Song & Stage

Theater Review: Bay Street Theater’s ‘Annie Get Your Gun’

For Bay Street, producing smash hits is just doin' what comes natur’lly.

Following the premiere of the intensely serious Safe Space, Bay Street Theater’s final 2019 Mainstage Season show is the world-famous Broadway musical Annie Get Your Gun. Director Sarna Lapine’s masterful rendition is a rib-tickling riot from start to finish, with a gifted cast at the heart of it.

The overture showcases a five-piece bluegrass Americana band led by Shawn Gough that prepares the audience for a boot-tapping good time right out of the gate and sets the production apart from those that came before it. The action begins at cranky Foster’s (Stephen Lee Anderson) Wilson Arms Hotel in Cincinnati, where Charlie (George Abud) and Mac (Davis MacLeod Haines) announce the arrival of Buffalo Bill’s Wild West Show with “Colonel Buffalo Bill.” After the thrilling opening number, Abud’s Charlie is shown to possess a near Deadpool-level ability to break the fourth wall, directing jokes straight at the audience and scoring big laughs throughout. His comedic shenanigans are matched by his Act 2 cohort Sitting Bull (Jonathan Joss), whose stoic demeanor and dry wit often have audience members in an uproar.

Charlie (George Abud) telling the kids (Isa Mooney, Meaghan McInnes and Will Hantz) about Buffalo Bill, Photo: Lenny Stucker
Charlie (George Abud) telling the kids (Isa Mooney, Meaghan McInnes and Will Hantz) about Buffalo Bill, Photo: Lenny Stucker

The shining star of the production is none other than Annie Oakley herself, portrayed by Alexandra Socha with an intoxicating blend of endearing youthfulness and headstrong moxie that would make Ethel Merman, the role’s originator, proud. Socha’s Annie is immeasurably multifaceted, expertly portraying her hillbilly personality and matching singing style in “Doin’ What Comes Natur’lly,” her motherly side and soothing voice in “Moonshine Lullaby” and her unbending bravado in a good many scene, culminating in “An Old Fashioned Wedding.” And her take on “You Can’t Get a Man with a Gun” is a sight to behold.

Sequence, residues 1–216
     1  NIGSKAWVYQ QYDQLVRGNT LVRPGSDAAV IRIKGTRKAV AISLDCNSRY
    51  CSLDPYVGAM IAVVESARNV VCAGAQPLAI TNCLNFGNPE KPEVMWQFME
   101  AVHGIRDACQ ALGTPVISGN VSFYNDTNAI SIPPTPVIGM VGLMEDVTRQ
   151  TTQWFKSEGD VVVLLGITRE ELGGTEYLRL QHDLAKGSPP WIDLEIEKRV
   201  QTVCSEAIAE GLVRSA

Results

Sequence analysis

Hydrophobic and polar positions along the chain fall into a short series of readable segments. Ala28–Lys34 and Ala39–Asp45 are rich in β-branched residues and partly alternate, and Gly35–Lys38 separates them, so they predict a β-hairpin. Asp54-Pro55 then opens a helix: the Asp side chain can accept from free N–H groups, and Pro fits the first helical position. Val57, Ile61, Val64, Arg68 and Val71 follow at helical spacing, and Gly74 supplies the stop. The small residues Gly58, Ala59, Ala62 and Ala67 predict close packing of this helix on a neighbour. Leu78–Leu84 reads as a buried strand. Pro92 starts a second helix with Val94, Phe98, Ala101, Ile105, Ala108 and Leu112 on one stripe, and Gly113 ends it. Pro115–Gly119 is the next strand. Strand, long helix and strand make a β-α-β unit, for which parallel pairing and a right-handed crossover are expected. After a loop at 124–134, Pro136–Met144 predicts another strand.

Annie (Alexandra Socha) facing off against Frank (Matthew Saldivar), Photo: Lenny Stucker
Annie (Alexandra Socha) facing off against Frank (Matthew Saldivar) as Buffalo Bill (Orville Mendoza) looks on, Photo: Lenny Stucker

Matthew Saldivar as Frank Butler proved a worthy rival to Socha’s Annie. His velvety baritone had the audience swooning during his rendition of “The Girl That I Marry.” At the climax of Annie Get Your Gun, Frank and Sitting Bull switch teams in response to Annie’s epic motorcycle stunt, with Frank defecting to Pawnee Bill (Oge Agulué) and the leader of the Sioux joining team Buffalo Bill (Orville Mendoza). The love-hate rivalry between the two Bills is quite entertaining to watch, and it’s a shame Pawnee Bill doesn’t get more stage time to develop it further.

Despite the fact that the audience is in stitches throughout the entirety of the musical, it isn’t difficult to gauge which song receives the biggest laughs of all—it’s decidedly “Anything You Can Do.” The room roars with each, “Yes, I can,” be it whispered, screamed or spoken at lightning speed. Though, the theater falls to an awestruck hush as Socha belts out her entry for, “Any note you can hold, I can hold longer.” Upon releasing the note after holding it for what seems like a humanly impossible span of time, quite possibly longer than any Annie Oakley before her, the audience erupts into thunderous applause.

Jennifer Sánchez, who plays Dolly Tate, gives an impressive performance of Frank Butler’s “I’m a Bad, Bad Man” (now “He’s a Bad, Bad Man”), surprising the audience with not only the change in singer, but also a stunning voice reminiscent of Broadway and film great Vivian Blaine.

Little Jake (Will Hantz) teaching his big sister Annie (Alexandra Socha) how to read, Photo: Lenny Stucker
Little Jake (Will Hantz) teaching his big sister Annie (Alexandra Socha) how to read, Photo: Lenny Stucker

Annie Get Your Gun’s trio of child actors (Isa Mooney, Meaghan McInnes and Will Hantz) deserve a shout-out as well, for their incredible singing prowess showcased in several songs throughout the play. And the scene when Hantz’s Little Jake is trying to teach big sister Annie how to read is one of the funniest in the show.

Overall, the show is immensely lively, wildly entertaining and hilariously funny. Even if someone has seen this show done 100 different ways, Bay Street’s rendition is still a must-see.

Annie Get Your Gun has received an extended run through September 1. Tickets can be purchased at baystreet.org or by calling 631-725-9500.

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